Beans and Legumes

Hatch Chile Borracho Beans

by Shawnda on August 22, 2014

in Beans and Legumes,Hatch chiles,Mexican & TexMex,Sides,Vegetarian,Veggies & Starches

Hatch Chile Borracho Beans

The onset of hatch chile season means that the pot of beans I make for the 2-3 TexMex nights that are always on the menu get a green chile makeover.

Hatch Chile Borracho Beans

Where I come from, you usually have three options for beans on taco night: refried beans, charro beans, and borracho beans.

Refried beans are easy, especially when your two-ingredient recipe calls for a can opener and a can. Charro beans take a little bit of planning and a whole lot of bacon.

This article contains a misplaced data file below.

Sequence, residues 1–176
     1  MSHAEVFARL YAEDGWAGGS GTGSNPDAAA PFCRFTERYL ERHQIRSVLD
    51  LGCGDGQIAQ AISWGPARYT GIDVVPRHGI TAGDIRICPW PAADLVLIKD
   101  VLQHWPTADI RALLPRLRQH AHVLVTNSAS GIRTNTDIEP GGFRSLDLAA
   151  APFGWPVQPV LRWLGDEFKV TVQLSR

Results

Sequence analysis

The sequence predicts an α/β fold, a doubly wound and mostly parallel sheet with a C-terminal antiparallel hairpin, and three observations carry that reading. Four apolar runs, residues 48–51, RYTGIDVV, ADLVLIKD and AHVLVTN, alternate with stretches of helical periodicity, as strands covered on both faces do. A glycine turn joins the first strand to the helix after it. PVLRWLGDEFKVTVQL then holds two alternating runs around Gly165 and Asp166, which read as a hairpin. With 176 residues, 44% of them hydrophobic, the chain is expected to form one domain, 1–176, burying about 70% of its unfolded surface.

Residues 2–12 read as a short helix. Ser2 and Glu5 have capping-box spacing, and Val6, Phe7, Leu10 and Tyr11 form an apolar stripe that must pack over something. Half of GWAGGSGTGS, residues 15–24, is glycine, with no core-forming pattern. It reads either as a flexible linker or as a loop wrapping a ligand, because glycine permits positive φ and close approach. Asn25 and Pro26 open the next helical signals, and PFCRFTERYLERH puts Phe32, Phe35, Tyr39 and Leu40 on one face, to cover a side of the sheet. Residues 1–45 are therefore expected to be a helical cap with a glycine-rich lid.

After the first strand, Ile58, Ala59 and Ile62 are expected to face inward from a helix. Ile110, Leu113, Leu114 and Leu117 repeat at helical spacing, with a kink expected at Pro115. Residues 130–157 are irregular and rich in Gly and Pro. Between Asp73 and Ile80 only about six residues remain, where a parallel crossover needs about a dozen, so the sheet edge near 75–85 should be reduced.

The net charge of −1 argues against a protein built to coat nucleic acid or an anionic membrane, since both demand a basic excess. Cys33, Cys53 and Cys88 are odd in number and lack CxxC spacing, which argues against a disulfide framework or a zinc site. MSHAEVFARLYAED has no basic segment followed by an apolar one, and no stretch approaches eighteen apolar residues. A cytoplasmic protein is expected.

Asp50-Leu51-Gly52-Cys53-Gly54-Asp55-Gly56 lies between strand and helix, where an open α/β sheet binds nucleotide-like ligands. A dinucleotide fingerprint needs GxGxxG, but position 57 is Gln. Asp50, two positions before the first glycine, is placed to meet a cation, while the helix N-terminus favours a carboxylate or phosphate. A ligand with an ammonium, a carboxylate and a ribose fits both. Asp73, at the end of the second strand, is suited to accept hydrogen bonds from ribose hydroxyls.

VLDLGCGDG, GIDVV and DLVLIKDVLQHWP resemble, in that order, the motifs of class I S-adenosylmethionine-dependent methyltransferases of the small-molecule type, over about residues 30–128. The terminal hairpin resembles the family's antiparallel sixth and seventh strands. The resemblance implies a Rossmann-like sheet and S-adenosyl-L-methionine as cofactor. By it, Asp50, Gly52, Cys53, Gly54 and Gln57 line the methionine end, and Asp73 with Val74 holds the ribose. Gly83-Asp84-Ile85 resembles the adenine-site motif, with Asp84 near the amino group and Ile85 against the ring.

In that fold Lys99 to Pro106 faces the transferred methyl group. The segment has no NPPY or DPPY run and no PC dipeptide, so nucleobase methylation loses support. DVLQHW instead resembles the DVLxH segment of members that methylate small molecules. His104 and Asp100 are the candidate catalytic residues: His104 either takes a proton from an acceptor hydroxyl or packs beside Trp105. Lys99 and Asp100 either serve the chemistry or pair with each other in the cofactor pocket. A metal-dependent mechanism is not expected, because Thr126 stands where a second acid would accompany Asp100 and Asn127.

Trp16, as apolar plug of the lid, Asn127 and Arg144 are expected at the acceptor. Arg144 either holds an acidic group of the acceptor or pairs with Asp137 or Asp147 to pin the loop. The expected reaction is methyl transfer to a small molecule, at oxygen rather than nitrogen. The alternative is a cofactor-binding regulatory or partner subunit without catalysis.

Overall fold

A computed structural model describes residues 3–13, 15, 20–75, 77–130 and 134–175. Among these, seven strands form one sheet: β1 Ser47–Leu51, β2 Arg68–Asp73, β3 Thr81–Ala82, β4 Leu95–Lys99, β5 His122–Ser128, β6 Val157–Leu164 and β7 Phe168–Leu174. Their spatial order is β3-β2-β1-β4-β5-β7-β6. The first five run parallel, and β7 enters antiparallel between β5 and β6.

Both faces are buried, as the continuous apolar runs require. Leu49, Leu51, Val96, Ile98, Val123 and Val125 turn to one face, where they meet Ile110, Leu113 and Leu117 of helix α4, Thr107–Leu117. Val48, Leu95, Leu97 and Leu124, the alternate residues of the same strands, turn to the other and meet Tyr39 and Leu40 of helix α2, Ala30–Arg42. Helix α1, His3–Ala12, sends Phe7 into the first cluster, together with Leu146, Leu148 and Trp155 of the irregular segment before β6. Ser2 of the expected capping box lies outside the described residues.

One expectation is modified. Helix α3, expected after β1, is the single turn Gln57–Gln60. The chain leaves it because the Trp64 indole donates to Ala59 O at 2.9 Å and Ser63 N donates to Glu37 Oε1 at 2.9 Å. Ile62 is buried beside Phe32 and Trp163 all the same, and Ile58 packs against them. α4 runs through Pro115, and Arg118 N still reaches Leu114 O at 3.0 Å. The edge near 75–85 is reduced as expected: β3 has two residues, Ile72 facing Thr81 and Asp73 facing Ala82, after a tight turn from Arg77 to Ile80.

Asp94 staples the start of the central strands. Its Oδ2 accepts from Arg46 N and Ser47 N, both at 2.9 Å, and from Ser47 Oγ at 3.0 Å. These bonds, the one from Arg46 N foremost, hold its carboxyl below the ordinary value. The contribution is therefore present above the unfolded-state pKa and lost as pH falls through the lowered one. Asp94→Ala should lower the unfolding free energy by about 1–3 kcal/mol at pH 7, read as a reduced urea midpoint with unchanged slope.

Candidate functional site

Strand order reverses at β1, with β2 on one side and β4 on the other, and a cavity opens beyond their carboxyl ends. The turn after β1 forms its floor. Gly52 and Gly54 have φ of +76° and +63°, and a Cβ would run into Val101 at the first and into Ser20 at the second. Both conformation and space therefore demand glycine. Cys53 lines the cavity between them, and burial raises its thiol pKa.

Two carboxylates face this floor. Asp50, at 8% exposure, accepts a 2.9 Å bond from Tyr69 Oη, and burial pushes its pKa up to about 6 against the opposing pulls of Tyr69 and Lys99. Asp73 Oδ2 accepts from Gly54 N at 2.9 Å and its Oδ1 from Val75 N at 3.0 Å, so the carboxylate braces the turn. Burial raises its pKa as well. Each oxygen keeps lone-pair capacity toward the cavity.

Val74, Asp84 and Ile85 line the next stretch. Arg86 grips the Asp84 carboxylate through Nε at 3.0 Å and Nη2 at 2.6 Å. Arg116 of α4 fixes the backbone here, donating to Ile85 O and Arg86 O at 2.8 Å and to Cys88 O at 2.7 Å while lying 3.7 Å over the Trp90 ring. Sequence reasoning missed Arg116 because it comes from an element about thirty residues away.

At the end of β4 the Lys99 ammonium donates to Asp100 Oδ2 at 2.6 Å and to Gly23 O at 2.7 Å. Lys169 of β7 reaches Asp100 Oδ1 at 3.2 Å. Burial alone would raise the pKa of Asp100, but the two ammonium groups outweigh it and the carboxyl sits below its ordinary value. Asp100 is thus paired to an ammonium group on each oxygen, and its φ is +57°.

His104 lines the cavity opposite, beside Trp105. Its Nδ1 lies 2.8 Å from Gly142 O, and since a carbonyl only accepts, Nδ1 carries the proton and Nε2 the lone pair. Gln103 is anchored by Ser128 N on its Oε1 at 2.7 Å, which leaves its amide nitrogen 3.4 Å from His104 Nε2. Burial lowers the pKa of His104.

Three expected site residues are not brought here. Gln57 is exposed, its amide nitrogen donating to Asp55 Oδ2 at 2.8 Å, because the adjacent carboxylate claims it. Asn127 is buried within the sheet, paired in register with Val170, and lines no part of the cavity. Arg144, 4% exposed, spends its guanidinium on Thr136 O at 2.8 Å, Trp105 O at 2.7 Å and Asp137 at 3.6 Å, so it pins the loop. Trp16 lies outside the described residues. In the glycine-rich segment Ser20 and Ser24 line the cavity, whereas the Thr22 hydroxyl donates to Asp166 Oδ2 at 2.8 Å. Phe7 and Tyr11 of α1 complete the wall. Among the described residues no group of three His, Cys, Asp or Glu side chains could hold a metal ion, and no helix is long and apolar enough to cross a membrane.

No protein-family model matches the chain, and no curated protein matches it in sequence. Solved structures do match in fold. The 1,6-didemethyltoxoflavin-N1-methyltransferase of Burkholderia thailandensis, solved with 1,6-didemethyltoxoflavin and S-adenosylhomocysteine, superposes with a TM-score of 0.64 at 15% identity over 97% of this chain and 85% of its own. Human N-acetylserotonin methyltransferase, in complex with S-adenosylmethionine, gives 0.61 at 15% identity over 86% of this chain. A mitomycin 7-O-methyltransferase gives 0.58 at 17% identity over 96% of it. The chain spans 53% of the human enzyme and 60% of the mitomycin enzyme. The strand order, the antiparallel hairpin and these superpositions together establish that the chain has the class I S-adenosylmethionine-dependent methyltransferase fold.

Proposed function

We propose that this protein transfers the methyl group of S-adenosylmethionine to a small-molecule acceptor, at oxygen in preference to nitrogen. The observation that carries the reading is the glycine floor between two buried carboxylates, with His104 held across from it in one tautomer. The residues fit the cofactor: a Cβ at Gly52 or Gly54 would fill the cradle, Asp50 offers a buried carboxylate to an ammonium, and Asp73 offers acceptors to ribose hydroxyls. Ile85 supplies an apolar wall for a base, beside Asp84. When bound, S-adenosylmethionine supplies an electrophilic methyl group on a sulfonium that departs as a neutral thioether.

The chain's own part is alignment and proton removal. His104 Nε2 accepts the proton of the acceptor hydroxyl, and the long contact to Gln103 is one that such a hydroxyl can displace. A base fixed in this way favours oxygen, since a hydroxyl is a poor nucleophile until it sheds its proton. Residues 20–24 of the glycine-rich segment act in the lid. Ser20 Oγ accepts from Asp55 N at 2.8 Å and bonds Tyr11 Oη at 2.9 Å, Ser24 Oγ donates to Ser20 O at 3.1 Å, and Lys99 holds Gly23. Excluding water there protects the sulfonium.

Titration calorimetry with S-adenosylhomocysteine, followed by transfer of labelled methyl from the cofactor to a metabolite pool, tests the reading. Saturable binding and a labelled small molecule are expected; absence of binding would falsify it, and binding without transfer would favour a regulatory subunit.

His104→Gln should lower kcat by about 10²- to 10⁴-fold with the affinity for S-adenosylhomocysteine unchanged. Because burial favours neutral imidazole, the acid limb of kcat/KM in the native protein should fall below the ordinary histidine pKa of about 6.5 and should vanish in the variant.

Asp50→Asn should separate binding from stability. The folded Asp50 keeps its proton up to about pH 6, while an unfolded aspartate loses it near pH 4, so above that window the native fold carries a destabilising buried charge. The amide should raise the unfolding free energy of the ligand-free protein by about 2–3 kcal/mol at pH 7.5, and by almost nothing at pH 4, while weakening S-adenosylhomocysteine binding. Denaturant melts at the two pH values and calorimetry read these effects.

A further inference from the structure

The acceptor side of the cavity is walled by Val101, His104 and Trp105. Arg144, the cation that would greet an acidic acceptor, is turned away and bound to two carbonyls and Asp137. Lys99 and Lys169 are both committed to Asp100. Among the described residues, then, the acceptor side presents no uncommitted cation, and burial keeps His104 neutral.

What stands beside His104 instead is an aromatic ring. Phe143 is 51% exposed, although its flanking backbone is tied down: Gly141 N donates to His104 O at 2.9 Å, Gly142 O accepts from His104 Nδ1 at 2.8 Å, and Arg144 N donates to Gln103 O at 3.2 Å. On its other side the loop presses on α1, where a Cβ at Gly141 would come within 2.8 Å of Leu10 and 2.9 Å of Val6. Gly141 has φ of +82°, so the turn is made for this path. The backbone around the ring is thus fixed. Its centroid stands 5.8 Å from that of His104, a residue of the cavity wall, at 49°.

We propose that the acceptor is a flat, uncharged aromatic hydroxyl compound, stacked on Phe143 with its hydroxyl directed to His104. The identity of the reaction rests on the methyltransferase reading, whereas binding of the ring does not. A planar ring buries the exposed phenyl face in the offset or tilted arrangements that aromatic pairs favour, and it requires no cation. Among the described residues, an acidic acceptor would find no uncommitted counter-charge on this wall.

Borracho beans? They also need a little bit of planning. But most of all? They need beer.

Hatch Chile Borracho Beans

In addition to being spiked with beer, these beans are also spiked with green chile salsa verde and a hatch chile pico de gallo.

Hatch Chile Borracho Beans

Here in Texas, Shiner has always been the popular choice for borracho beans. There are very few rules, but there is one thing to remember: Pick out an amber-or-darker brew from your fridge because, just like in all other aspects of real life, light beer won’t do much for you.

Hatch Chile Borracho Beans

Your favorite taco night side infused with green chiles and beer.

Ingredients

  • For the beans:
  • 1 lb dry pinto beans, rinsed and soaked*
  • 12 oz beer (medium/amber is best; I used a locally brewed jalapeno ale this time)
  • 2 Tbsp brown sugar
  • 1/2 small red onion
  • 3 cloves garlic, minced
  • 2 tsp salt
  • Black pepper
  • 1 tsp chile powder (I used a New Mexican blend)
  • 1/2 tsp ground cumin